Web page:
Administration of drugs
The drugs (concentration in the dialysis fluid given in parentheses) that were administered by microdialysis at 5 μl/min for about 30 min through the fiber are as follows: fostriecin, a potent serine/threonine protein phosphatase 2A inhibitor (3 μM, n = 10, pretreatment and 3 μM, n = 8, postreatment, Calbiochem, dissolved in ACSF), okadaic acid, a general inhibitor of both PP1 and PP2A (2 μM, n = 6), and okadaic acid methyl ester (OAME), which is suitable as a negative control for okadaic acid (2 μM n = 8; Calbiochem, dissolved in 10% DMSO and 90% ACSF). In previous articles from our lab, the assessment of the amount of diffusion across the microdialysis fiber in vitro of several similar-sized drugs with quite different chemical properties under ideal conditions was described [9, 25, 55]. Briefly, the applied drug was infused at the same flow rate and duration as that of the drug treatment used in the rats through a microdialysis fiber placed in a bath containing ACSF. The drug concentration was measured by a spectrophotometer (Beckman Coulter, Inc., Fullerton, CA) and the drug concentration diffusing across the fiber under ideal conditions was determined. In our experiment, the concentration ratio across the microdialysis fiber for all these drugs was around 1% and the drugs would be further diluted in the tissue before reaching their targets. Thus, the calculated tissue dose for effective concentrations for 3 μM fostriecin is 30 nM; the calculated tissue dose for 2 μM okadaic acid and OAME is 20 nM. These calculated tissue doses used throughout the results and figures in this article were supposed to be the effective concentrations of these drugs according to published dose response curves. [35–37]. Due to the drug's molecular weight, lipophilicity and tissue diffusion barriers, the actual tissue concentrations of the drugs may be less than the calculated concentrations in vitro. Therefore, the calculated dose is likely to be the maximal dose to which the tissue might be exposed.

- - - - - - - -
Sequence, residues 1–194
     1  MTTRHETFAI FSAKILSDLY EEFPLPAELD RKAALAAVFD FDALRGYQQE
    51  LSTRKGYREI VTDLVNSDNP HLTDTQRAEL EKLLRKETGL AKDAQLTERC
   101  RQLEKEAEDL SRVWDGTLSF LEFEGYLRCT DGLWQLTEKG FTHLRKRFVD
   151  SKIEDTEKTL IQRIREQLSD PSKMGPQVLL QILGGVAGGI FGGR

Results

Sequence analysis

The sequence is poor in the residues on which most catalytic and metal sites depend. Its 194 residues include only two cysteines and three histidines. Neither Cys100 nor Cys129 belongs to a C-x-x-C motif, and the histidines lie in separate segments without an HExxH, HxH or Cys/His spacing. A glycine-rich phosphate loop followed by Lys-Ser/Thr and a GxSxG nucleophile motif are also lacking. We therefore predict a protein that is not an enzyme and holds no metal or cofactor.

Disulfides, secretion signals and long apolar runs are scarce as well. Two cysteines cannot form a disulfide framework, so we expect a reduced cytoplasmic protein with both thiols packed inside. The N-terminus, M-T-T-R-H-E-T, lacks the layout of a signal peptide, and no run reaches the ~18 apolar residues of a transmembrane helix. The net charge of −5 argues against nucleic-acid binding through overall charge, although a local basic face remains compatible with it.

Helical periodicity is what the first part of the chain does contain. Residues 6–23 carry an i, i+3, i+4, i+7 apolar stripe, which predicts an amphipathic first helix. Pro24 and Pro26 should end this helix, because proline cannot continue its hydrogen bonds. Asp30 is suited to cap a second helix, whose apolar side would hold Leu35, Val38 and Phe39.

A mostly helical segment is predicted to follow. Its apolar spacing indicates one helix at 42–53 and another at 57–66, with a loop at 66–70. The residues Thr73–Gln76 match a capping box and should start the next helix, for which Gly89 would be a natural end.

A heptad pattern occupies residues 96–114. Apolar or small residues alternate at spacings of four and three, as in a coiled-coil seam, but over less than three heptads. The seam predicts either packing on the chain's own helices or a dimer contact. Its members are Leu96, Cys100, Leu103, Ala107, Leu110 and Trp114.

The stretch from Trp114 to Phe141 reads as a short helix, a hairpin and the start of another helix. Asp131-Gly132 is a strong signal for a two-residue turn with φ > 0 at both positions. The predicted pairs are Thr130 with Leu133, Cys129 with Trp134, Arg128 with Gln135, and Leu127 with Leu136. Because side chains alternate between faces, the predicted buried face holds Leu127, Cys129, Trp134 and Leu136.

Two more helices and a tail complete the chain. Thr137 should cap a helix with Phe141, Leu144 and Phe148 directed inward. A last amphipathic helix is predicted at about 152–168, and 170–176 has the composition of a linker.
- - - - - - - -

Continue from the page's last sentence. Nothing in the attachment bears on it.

Injection of capsaicin
Capsaicin (0.1%, 10 μl) was injected into the plantar surface of the glabrous skin of the left paw of anesthetized rats. Capsaicin was dissolved in Tween 80 (7%), alcohol (20%) and saline. The dose of capsaicin was chosen to be low enough that it produced a central sensitization that lasted approximately 1 h in the absence of a phosphatase inhibitor.
After the laminectomy, the animal was placed in a stereotaxic frame and held firmly with ear bars and a nose clamp. Vertebral clamps attached to the stereotaxic frame were used to hold the vertebral column stable. The nerve roots and spinal cord were seen after opening the dura over the exposed section of spinal cord. The spinal cord was covered and protected by warm mineral oil.